Last week decision makers from around the world gathered at the OECD headquarters in Paris to discuss “Putting Wellbeing Metrics into Policy Action”. It was the third time Happy City has spoken at the OECD. The earlier occasions in 2013-14 were in the early days of our work to redefine progress via the global Better Life Index, and of our local to global approach with the Thriving Places Index.
In the conference hall last week it was clear that the impact trajectory of this work is rising sharply. Speaker after speaker stood up to say it’s now time to move from talking and developing metrics to getting on and delivering this new economy.
If I reflect on the last 10 years of our collective work in this space it has gone through different stages. From persuading people that fundamental change was necessary and that wellbeing could and should be the ultimate purpose of governments, businesses and all of society. To years spent proving this was possible and practical – developing the tools, the training, the support services to deliver a wellbeing economy – in our case at a local level and a national scale, and for the OECD at a national level and global scale.
To now. When all that work is starting to show results and as younger generations are rightly pointing out, time is of the essence. Now is the time for action, for rapid transition to a sustainable, equitable economy that delivers growth in the quality of our lives, not merely the quantity of our wealth.
Many of the people and messages at both conferences were similar but the difference in tone and impact were clear. I once felt like the radical outsider challenging the core message that ‘growth’ was essential and just needed to be tempered or improved with words like ‘inclusive, green, smart or sustainable’ tagged on to it. Now everyone from Jeffrey Sachs, one of the world’s most influential economists, to Ange Gurrial, the Secretary General of the OECD, were queuing up to to champion the urgency of shifting the dial away from growth for growth’s sake and towards delivering for people and planet.
Heads of treasuries rather than public health officials were there presenting wellbeing metrics on behalf of governments. New Zealand’s success is being measured via wellbeing at every stage – from planning and budgeting through to delivery. For UAE wellbeing is fast becoming the ultimate outcome measure for all of government. In Scotland and Wales wellbeing is increasingly not a sector but the focus and responsibility of health, business, environment, education and so on, all coming together to tackle big knotty and previously entrenched problems. Growth was talked of in terms of the growth of quality of life, of renewable energy, of zero emission homes and equality of opportunity. Now that’s growth I can sign up for.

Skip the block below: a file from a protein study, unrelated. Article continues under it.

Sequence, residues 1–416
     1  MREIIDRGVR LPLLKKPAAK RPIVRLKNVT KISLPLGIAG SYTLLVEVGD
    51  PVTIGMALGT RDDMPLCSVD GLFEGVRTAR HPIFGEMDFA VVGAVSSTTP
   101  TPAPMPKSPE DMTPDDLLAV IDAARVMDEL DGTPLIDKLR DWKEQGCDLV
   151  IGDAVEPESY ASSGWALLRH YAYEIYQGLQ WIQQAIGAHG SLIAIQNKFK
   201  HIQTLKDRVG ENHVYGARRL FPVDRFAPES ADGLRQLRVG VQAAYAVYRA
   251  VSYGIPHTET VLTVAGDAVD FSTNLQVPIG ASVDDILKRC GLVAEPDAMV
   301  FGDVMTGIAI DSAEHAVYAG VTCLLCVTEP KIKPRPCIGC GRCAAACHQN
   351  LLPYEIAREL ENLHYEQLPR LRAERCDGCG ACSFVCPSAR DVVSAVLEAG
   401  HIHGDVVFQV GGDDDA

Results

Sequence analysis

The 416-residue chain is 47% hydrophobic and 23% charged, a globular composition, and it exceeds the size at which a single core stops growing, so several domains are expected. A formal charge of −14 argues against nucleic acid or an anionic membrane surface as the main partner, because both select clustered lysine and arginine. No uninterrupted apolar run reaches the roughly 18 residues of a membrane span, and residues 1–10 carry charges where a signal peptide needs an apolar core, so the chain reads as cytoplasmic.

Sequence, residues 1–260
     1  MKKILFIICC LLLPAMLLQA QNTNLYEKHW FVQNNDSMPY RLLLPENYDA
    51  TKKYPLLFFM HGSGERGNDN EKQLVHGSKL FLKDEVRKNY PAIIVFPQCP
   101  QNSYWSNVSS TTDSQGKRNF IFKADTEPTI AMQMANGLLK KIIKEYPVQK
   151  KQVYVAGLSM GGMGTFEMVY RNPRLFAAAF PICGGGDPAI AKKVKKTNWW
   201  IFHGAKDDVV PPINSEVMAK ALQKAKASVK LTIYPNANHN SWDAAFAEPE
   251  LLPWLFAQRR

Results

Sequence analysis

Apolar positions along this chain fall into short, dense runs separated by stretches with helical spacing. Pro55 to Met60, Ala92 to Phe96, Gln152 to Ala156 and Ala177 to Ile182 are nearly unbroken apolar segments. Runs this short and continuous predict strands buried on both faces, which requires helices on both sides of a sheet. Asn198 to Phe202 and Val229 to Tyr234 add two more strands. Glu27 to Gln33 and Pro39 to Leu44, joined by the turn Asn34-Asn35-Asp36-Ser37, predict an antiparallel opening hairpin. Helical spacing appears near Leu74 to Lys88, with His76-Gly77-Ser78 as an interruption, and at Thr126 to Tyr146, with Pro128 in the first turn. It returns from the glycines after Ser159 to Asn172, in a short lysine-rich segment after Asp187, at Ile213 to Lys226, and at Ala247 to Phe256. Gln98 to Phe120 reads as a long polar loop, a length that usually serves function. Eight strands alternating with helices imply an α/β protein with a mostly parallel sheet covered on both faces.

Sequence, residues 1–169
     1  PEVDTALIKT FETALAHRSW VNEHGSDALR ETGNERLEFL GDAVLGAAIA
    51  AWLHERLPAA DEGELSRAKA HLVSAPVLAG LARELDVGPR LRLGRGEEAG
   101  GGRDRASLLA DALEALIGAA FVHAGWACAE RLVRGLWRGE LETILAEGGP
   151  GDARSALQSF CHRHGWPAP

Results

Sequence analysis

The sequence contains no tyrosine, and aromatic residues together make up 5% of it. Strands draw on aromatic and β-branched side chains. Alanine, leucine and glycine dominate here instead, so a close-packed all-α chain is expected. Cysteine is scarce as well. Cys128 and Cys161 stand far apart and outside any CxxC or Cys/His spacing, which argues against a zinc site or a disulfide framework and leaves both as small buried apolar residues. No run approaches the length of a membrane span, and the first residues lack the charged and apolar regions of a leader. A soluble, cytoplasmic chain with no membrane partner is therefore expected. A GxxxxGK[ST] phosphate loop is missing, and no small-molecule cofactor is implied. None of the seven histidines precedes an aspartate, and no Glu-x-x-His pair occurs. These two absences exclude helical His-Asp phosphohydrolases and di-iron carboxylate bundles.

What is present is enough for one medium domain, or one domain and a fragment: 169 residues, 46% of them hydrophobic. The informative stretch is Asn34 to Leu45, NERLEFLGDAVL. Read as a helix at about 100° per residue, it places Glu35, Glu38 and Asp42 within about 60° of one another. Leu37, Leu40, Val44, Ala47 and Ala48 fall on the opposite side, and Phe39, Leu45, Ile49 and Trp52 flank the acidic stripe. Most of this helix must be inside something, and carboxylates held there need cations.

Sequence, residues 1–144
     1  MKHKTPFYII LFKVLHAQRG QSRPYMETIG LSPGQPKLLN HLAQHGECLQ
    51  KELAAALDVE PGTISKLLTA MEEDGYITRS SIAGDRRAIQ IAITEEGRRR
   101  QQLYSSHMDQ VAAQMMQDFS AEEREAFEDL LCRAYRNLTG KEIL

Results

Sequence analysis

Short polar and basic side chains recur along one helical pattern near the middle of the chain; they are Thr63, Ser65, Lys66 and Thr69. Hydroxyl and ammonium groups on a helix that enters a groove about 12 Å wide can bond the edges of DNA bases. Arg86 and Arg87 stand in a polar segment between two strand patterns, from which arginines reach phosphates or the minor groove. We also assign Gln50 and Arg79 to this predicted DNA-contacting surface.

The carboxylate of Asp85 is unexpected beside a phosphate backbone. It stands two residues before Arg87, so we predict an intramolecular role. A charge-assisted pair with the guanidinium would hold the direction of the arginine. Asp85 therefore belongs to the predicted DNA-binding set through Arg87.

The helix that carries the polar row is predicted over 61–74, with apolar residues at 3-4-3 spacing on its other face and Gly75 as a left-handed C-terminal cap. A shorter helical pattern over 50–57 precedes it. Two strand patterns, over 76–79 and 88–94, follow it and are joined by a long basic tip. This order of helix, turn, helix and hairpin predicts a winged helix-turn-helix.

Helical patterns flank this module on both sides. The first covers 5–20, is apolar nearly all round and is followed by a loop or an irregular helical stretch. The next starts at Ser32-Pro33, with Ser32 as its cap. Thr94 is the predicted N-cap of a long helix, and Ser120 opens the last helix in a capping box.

Change was in the air and its influence was clear. As one speaker put it – the court of public opinion is shifting and politicians everywhere have to look at their duty to the next generation, not the next election.
Sir Gus O’Donnell, the ex-head of the UK Civil Service and Treasury and long-time champion of wellbeing economics reflected on the ‘hidden heroes’ of the climate change movement. Not the ones gaining today’s headlines, but those who started measuring the changes in the climate and the contributory factors to it, decades before anyone thought it was relevant and whose work made today’s action possible.
In Paris last week were gathered many of the hidden heroes of the future economy – those, including Happy City, who have battled to have new measures of progress taken seriously, toiled to develop tools to measure what matters to people and planet, and are now helping put a wellbeing economy into practice in towns, cities and nations around the world.
Progress may have been slow coming, but it seems the world is starting to wake up.